Stepping back and thinking about the broad picture, what is the motivation for pursuing solutions in the RL-energy space, how important will RL solutions be?
For renewable energy solutions there are a lot of design choices. When designing a solar-powered energy system, for example, you need to determine the best places to put transformers and solar panels. As well as dealing with a large state space, you have a time-varying component which becomes important, say, if you want to design a solution where you can sell solar energy back to the grid at optimal times. RL is an advanced solution for such problems.
Another example is optimising the control parameters in nuclear fusion reactors; RL can be used as a method for determining feature importance which can be used to inform and improve human-managed control. Furthermore, stakeholders in the energy industry are going to have so much data to process and the challenge will be to do this sensibly so humans can make decisions from it. RL adds value here as is it all about optimal control – making the most of what you have.
I asked digiLab what their advice would be for companies who are looking to develop new solutions in the RL-energy space, as they are doing at present.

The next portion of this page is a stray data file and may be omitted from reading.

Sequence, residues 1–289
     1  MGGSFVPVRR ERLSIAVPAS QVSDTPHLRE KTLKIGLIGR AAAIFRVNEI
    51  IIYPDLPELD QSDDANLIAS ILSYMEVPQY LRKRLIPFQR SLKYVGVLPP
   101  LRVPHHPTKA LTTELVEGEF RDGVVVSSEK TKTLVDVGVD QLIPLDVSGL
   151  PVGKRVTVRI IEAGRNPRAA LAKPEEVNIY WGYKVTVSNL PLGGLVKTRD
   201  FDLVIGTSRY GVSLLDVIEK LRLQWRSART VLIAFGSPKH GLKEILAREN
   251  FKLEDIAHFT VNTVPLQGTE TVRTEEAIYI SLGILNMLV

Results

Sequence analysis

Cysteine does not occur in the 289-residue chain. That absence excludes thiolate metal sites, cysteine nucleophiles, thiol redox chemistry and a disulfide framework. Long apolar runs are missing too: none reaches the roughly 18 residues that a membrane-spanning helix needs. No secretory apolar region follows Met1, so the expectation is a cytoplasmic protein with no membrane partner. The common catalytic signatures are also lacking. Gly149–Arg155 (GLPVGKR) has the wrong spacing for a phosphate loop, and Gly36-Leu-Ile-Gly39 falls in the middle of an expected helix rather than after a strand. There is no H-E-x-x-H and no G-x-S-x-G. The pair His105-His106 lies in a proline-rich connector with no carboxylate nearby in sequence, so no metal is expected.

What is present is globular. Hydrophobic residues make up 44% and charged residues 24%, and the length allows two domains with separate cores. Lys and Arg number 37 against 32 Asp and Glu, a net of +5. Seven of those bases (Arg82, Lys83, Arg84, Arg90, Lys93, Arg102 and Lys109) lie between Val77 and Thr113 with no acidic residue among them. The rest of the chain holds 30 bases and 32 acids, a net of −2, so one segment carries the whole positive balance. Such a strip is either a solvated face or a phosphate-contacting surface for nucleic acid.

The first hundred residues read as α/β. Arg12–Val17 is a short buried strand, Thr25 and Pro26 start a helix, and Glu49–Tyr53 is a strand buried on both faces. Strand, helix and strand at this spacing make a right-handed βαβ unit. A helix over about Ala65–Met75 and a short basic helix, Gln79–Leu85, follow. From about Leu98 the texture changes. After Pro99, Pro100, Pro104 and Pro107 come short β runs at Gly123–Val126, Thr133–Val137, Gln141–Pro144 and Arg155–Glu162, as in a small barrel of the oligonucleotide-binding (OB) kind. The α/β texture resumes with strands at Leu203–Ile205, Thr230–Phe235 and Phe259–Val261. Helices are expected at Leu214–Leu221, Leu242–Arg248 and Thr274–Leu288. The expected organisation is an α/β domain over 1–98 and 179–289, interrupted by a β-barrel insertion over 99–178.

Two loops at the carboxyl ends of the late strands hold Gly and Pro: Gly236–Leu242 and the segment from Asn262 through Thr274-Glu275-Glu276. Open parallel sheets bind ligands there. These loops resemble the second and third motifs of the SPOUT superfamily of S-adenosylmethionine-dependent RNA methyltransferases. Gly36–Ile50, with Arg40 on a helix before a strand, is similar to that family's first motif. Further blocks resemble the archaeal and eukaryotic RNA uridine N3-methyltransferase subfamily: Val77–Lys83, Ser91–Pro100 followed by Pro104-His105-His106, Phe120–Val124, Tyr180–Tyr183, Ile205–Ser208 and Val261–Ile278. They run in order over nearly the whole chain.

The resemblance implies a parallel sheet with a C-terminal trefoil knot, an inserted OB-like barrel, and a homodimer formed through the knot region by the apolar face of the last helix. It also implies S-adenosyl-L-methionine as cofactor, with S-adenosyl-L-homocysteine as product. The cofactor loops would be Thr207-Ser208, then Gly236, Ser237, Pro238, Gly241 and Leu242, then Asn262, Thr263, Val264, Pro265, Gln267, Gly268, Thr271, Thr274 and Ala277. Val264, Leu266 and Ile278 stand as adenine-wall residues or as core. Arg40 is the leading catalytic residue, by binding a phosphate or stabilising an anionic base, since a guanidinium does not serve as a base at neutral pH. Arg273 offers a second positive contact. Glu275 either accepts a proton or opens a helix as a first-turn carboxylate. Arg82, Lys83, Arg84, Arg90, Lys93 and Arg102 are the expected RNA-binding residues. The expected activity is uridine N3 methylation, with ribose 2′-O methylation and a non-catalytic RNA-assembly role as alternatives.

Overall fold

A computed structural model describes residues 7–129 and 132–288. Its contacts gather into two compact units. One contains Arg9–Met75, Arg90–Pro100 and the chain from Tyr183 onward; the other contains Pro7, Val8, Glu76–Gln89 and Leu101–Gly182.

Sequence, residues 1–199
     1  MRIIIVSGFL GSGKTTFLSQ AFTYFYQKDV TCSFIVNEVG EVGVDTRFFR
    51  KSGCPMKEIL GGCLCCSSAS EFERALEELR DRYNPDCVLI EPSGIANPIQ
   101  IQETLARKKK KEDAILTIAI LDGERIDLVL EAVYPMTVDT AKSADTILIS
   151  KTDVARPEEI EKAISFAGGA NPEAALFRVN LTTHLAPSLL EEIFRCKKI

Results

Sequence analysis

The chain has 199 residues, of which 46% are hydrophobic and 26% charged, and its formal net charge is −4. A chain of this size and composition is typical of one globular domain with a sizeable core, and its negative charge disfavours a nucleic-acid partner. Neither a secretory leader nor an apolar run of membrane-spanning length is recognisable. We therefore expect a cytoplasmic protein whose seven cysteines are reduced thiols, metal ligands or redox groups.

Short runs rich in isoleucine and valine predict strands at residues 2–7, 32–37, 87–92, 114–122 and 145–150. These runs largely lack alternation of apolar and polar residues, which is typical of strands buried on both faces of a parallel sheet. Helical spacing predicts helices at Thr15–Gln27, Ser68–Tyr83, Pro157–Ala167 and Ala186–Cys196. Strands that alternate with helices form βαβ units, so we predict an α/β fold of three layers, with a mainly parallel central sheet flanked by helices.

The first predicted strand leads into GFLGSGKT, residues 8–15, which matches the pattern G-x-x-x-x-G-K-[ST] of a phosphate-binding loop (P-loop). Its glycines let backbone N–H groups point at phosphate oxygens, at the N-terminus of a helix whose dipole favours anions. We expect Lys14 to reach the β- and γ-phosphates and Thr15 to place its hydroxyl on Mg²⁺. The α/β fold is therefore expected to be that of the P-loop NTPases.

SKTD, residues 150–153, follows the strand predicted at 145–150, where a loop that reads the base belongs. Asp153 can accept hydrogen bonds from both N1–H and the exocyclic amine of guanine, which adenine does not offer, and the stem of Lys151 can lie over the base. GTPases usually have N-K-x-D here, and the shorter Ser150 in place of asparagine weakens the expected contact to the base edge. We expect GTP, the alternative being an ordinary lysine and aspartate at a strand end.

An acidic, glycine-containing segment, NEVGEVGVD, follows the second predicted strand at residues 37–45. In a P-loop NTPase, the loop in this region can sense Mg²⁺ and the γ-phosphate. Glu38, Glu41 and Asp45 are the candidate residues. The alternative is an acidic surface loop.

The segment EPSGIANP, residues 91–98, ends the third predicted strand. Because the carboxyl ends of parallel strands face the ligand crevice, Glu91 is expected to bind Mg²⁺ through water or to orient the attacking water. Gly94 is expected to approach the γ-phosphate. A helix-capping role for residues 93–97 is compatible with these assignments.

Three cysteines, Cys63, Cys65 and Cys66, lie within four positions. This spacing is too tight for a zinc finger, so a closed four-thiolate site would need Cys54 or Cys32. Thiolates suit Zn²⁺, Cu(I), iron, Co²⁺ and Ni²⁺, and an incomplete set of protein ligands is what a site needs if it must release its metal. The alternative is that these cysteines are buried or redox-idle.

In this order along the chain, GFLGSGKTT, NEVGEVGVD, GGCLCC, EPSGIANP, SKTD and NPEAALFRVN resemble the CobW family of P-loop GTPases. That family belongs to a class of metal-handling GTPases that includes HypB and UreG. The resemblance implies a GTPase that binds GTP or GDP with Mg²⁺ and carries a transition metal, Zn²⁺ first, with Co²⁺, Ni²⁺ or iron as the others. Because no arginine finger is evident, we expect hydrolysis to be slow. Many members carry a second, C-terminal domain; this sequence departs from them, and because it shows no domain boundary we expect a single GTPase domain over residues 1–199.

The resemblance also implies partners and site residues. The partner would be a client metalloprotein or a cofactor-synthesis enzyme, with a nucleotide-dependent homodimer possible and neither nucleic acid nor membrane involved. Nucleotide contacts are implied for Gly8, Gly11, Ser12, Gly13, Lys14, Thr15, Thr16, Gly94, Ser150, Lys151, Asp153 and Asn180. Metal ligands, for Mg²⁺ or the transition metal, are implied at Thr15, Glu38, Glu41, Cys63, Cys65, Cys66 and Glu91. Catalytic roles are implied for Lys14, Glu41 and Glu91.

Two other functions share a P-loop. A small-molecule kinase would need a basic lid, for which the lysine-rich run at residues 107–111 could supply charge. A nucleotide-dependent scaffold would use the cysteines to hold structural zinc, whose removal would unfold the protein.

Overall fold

Outsource your AI problems – starting from zero is expensive!As more AI and ML tools are developed, we should be using and adapting these tools for new innovations.
Reinforcement Learning is most advantageous to solve complex problems with a huge number of parameters and time-varying components, especially where many factors depend on each other in non-trivial ways, and when you have sporadic data types.
There are multiple success stories of using RL to improve energy efficiency and cut carbon emissions in industrial and commercial settings, and there is ongoing development in this area.
Reinforcement Learning operations (that is the underlying model development, environment development, testing and validation methods) are not very mature – there are not loads of sophisticated resources out there to aid with the development of RL solutions. Some RL operations challenges are addressed in the open source deep-RL library AgileRL, and OpenAI Gym attempts to address the need for better benchmarks and lack of standardised environments in RL development. However, in the latter example, the Gym environments are focused on generic use cases of RL (such as game playing) and sophisticated environments for ‘real-world’ applications in the energy sector tend to be developed and kept in-house.
Overall, Reinforcement Learning is an exciting prospective solution to complex control and optimisation challenges, however deployment doesn’t come without its difficulties.
Many of these hurdles are addressed in our white paper, and we further discover how RL compares to alternative, competing methods in the paper as well as the risks that come with RL implementations (including where and, importantly, where not to apply RL).
Read the Report
Prospects for Reinforcement Learning